(_Sudden comprehension and restored cordiality._) Oh, ye didn't
          know him as _Bob_?... I see--no, that were his _private_
          name.
  I used to announce him in public on a more long-winded-er scale--
  I christened him "Gineral Moultky," (_apologetically_) which he
          _'ad_ rather gone at the tail;
  And a bird more popilar never performed on a peripathetic stage,
  He was allers sure of a round of applause as soon as he quitted
          the cage!
  For he thoroughly hentered into the part he was down for to play,
  And he never got "fluffy" nor "queered the pitch,"--leastwise,
          till the hother day.
  I thought he'd bin hoverexertin' hisself, and 'ud better be out of
          the bill,
  But it wasn't till yesterday hevenin I'd any ideer he was _ill_!
  Then I see he was rough on the top of his 'ed, and his tongue
          looked dry at the tip,
  And it dawned on me like a thunderbolt--"Great Evings!" I
          groaned,--"THE PIP!" (_Pause here, to emphasise the
          tremendous gravity of this discovery._)
  Well, I _'ad_ bin trainin' a siskin to hunderstudy the part,
          (_more ordinary tone for this_)
  And I sent him on--(_tolerantly_)--which he done his best, but he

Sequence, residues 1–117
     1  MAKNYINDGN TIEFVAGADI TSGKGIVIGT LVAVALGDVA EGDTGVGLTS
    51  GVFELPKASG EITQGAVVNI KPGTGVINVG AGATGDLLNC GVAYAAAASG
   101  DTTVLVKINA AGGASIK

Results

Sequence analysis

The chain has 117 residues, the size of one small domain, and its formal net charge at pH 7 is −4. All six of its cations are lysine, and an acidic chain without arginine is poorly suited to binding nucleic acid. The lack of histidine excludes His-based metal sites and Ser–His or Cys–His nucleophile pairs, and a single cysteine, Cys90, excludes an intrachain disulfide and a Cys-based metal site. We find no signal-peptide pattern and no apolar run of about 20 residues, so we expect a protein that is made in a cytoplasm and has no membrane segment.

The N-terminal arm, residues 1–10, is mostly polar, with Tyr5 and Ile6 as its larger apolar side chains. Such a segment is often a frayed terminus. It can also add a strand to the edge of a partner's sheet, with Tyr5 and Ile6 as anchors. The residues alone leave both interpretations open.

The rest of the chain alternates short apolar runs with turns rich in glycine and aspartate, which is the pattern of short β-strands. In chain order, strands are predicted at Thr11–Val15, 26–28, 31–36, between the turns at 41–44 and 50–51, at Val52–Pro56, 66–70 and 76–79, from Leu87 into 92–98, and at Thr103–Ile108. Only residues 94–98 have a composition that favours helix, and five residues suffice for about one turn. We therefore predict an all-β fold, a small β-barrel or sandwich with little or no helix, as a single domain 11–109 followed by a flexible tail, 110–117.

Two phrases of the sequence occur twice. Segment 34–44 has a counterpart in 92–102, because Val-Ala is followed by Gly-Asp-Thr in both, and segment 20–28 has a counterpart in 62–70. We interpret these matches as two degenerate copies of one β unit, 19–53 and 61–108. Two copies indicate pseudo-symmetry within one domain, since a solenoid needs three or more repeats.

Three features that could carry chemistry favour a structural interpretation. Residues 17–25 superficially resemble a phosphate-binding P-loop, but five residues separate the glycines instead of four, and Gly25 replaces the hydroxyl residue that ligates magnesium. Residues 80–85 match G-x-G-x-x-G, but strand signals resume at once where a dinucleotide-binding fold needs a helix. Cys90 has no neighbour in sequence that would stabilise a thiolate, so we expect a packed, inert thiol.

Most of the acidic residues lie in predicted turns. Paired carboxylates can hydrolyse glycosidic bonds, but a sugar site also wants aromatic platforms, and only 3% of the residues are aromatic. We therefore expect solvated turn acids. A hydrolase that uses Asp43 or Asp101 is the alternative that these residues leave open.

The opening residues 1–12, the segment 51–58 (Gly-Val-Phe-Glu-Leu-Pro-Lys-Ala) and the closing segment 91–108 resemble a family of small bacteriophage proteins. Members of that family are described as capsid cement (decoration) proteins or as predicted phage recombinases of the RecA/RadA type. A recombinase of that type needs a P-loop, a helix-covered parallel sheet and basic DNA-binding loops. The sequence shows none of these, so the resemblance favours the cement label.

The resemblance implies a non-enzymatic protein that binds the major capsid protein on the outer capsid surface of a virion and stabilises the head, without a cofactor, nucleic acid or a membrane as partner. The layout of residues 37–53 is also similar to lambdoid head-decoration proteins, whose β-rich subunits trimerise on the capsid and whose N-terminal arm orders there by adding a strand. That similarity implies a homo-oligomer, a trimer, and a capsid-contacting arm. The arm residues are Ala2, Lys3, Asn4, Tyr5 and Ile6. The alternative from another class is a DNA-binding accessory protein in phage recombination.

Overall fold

'adn't no notion o' _Hart_!
  So I left the pitch as soon as I could, and (meanin' to make more
          'aste)
  I cut across one o' them buildin' sites as was left a runnin' to
          waste.
  There was yawning pits by the flinty road, as rendered the
          prospeck dull,
  And 'ere and there a winderless 'ouse, with the look of a grinning
          skull,
  (_Try to paint this scene visibly for the audience; background is
          essential for what is to come._)
  A storm had bin 'anging about all day (and it _broke_, you'll
          remember, at last!)
  So I 'urried on, it was gettin' late--and the Gineral sinking fast!
  (_You are now approaching the harrowing part, but keep yourself in
          reserve for the present._)
  But all on a sudding I 'eard him give a kind of a feeble flap,
  And I stops, and sez in a 'opeful way, "Why, you're up in yer
          sterrups, old chap."

  (_A bold metapher applied to a bird, but characteristic in the
          speaker._)

  (_Sink your voice._) Then I see by the look of his sorrowful eye
          he was thinkin': "Afore I go,
  I'd like to see one performance--for the last--of the dear old
          Show!"

  (_Note, and make your audience feel, the touch of Nature here._)

  And I sez, with a ketch in my voice, "You _shall_!" and I whipped
          the sheet off the board,
  I stuck up the pair o' trestles, and fastened the tightrope cord;
  Then I propped the Gineral up in a place from which he could see
          the 'ole,
  And I set the tabbies a-sparring, and the mice a-climbing the pole.

  (_Build up the whole scene gradually; the dreary neighbourhood,
  the total absence of bystanders, the lurid threatening sky, and
  the humble entertainment proceeding in the foreground._)

  I put my company through their tricks--and they made my hold eyes
          dim,
  For they never performed for no orjence like they did last night
          for _him_!
  Them tabbies sparred with a science you'd 'ardly expect from sich,
  And the mouse (what usually boggles) fetched flags with never no